Gravitational waves announced themselves in a big way in 2015 when the Laser Interferometer Gravitational-Wave Observatory (LIGO) first detected them. When large celestial objects collide, the force of their collision sends ripples through spacetime. The theory surrounding this phenomenon was postulated by Albert Eistein and proven in 2015. Since then, LIGO has detected over 50 gravitational waves.
Researchers wanted to see if artificial intelligence (AI) could help detect gravitational waves, cutting down on the manual labor required to pour over LIGO data. The team put together an AI framework and processed a months’ worth of LIGO data in less than seven minutes, identifying four black hole mergers that created gravitational waves. Researchers had already identified the same four mergers and thus verified the accuracy of the AI’s findings. Working with AI in conjunction with existing instruments shows the very real and applicable ways that AI can work in tandem with scientists to simplify their processes and leave them breathing room to do more important research.
Data is the backbone as well as the bread and butter of space research. All the satellites and sensors on our planet world and floating through space collect copious amounts of data that takes decades to pick through. Given all the time in the world, important information can still be overlooked and lost in the archives. Searching for habitable planets was Kepler’s mission and now the Transiting Exoplanet Survey Satellite (TESS) has taken up the baton, amassing a never-ending volume of data. Planets transiting a star cause a dip in brightness as the planet passes between the star and the instrument, an easily measurable change if the dip in brightness happens at consistent intervals. A recent study employed a new machine learning technique to detect exoplanets with a 96% accuracy for Kepler data and 82% for TESS. While it’s not perfect, the numbers are encouraging and show room for growth.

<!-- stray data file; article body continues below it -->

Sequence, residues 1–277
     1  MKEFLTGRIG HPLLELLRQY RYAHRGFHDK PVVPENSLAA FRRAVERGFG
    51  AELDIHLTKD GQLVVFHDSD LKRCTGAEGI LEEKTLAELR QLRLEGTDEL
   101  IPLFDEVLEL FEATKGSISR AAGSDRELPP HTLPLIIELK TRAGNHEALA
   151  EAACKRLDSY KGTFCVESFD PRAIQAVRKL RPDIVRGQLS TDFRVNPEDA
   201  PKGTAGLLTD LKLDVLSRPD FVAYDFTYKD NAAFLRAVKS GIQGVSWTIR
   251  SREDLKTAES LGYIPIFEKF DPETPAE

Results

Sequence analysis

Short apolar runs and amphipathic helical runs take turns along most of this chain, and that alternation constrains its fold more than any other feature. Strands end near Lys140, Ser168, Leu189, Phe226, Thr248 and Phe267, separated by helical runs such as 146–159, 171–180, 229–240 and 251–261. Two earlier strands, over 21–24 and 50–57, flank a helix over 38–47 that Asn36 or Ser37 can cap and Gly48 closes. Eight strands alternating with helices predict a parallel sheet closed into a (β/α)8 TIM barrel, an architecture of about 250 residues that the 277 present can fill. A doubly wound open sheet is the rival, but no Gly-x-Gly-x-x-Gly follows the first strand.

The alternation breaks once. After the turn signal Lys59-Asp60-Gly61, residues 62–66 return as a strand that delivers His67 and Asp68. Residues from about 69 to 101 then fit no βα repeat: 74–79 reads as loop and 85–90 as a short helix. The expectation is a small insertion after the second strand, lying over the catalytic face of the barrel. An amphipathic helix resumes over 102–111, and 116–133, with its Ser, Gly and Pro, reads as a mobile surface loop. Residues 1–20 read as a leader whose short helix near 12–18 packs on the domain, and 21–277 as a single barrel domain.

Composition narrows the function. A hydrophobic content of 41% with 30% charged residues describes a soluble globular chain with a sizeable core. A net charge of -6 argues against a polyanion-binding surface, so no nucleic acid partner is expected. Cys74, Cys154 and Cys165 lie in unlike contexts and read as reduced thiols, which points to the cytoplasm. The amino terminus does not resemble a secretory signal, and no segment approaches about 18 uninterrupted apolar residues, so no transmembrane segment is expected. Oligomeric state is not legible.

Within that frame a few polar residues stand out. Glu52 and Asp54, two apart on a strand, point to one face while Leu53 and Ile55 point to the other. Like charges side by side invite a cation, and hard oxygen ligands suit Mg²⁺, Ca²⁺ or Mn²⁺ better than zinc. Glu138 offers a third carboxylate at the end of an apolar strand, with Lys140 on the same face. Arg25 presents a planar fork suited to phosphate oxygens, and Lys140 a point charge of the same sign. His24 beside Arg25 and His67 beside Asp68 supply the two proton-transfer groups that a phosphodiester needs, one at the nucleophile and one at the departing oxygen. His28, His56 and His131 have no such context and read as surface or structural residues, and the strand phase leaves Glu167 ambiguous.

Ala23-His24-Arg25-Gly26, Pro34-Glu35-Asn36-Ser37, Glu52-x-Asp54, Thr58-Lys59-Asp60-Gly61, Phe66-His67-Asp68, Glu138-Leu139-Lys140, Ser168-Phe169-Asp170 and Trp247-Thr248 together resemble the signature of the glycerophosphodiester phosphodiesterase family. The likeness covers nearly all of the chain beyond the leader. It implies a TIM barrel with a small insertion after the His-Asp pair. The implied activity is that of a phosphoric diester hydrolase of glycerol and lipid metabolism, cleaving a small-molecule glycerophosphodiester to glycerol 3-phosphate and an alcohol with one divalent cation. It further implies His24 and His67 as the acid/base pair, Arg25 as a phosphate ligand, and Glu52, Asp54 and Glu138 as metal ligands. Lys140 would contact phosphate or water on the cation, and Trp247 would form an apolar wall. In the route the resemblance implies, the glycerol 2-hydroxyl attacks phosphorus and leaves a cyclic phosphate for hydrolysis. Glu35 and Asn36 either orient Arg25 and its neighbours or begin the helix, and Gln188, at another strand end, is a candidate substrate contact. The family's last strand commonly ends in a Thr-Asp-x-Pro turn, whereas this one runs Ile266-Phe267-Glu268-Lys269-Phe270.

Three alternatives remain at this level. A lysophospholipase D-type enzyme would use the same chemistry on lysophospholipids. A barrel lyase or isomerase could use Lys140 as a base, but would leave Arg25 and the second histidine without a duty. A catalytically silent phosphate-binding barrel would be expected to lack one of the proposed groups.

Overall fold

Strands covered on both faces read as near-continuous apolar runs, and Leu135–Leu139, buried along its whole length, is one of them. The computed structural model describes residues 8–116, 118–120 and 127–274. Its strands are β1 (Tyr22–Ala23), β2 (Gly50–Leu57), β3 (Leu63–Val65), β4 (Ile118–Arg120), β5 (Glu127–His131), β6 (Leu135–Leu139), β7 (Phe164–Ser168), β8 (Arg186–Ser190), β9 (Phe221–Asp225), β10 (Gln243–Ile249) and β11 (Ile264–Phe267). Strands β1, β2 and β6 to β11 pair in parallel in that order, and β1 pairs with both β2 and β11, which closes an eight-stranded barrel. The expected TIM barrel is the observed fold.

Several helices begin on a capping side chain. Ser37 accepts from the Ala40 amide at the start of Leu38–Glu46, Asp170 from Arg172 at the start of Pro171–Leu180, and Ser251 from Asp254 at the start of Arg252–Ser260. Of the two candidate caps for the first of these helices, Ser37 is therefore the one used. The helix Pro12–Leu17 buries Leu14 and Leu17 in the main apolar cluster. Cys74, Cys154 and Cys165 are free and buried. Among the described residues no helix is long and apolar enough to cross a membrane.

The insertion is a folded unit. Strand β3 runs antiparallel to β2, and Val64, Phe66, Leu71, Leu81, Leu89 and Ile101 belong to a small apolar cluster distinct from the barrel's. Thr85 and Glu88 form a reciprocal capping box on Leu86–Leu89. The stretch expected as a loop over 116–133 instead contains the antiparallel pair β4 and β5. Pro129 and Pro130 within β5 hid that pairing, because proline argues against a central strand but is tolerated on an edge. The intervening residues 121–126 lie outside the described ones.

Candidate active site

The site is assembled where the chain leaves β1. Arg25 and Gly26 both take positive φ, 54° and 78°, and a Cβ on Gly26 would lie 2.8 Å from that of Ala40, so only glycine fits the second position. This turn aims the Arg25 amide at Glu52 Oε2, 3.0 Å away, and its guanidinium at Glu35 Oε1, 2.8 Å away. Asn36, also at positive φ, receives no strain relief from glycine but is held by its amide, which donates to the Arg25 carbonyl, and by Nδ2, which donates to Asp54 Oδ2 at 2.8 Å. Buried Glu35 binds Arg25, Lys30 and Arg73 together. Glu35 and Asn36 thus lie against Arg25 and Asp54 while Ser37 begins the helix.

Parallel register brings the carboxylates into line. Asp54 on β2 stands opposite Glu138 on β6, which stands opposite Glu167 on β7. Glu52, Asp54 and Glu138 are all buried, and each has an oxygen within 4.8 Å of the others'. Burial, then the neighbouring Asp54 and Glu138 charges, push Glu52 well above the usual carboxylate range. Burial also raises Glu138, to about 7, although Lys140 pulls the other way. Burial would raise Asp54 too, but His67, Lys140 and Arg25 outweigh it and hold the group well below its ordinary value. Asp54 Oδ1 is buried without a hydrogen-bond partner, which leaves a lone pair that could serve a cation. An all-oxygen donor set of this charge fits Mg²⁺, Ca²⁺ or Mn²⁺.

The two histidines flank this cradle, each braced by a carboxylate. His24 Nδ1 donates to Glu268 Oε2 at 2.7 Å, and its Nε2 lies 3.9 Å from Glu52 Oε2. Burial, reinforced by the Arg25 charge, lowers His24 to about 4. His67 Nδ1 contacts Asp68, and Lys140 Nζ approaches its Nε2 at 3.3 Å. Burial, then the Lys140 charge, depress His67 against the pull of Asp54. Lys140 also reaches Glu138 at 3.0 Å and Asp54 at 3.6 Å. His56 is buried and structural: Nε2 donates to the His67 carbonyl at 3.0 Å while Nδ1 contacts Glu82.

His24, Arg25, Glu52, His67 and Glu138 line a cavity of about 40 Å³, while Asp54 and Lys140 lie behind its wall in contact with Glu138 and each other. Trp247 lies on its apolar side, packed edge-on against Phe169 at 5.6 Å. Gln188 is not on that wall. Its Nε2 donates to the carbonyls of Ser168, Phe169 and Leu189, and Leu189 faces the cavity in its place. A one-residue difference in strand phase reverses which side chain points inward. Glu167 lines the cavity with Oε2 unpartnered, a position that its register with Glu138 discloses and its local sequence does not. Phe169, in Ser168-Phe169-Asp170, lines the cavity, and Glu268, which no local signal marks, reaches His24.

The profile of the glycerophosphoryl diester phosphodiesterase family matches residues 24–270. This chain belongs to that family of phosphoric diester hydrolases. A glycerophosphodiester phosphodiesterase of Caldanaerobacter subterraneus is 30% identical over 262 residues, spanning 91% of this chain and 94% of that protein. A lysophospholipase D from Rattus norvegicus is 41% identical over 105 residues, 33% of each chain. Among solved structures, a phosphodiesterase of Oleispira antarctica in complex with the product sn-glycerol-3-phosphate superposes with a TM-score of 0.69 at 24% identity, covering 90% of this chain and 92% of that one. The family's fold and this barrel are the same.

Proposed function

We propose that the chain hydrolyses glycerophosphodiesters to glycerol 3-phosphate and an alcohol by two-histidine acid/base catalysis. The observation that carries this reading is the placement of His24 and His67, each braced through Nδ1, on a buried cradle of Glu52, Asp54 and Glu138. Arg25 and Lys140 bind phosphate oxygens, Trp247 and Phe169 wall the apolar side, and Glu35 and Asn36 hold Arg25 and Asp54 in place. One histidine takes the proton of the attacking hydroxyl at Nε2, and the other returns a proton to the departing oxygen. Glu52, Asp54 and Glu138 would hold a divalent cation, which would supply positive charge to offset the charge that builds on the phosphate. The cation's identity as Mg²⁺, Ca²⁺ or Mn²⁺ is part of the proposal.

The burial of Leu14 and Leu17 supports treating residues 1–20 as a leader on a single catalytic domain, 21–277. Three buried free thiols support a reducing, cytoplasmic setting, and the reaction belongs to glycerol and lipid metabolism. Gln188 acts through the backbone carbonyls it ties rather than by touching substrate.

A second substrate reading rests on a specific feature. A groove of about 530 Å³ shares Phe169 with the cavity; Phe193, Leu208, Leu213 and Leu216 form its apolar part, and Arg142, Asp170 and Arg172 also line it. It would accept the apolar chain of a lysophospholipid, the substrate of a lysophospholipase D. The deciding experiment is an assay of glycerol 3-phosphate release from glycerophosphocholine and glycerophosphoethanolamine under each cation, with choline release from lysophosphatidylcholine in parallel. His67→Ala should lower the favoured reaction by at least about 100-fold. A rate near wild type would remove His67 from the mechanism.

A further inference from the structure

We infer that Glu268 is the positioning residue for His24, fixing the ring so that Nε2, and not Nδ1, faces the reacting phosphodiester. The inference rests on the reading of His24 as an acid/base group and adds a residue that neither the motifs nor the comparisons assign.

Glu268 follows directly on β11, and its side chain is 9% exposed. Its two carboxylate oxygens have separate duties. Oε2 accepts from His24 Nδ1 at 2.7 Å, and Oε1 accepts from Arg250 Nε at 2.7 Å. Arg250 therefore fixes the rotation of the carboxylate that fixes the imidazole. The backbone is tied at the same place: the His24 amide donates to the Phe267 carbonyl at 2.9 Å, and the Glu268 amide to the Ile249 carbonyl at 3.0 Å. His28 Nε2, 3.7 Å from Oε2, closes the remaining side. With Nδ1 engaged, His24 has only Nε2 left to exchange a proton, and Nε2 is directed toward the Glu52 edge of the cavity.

As more observatories with massive data collection capabilities come online, like the Vera Ruben Observatory being built in Chile, AI will have to keep up. Vera Rubin will survey the entire sky every night, collecting 80 terabytes of images per night. Without AI and machine learning, researchers won’t be able to scratch the surface. New algorithms and neural networks will have to do the heavy lifting and search for study specific information. One neural network, designed in 2018, does a better job than the human eye at detecting gravitational lenses. A gravitational lens is when two galaxies are lined up and the one in front magnifies the galaxy behind, allowing astronomers to see a galaxy that would normally be beyond their reach. It’s an encouraging start that will hopefully pay dividends as some of the heavy lifting is taken up by new AI and machine learning techniques.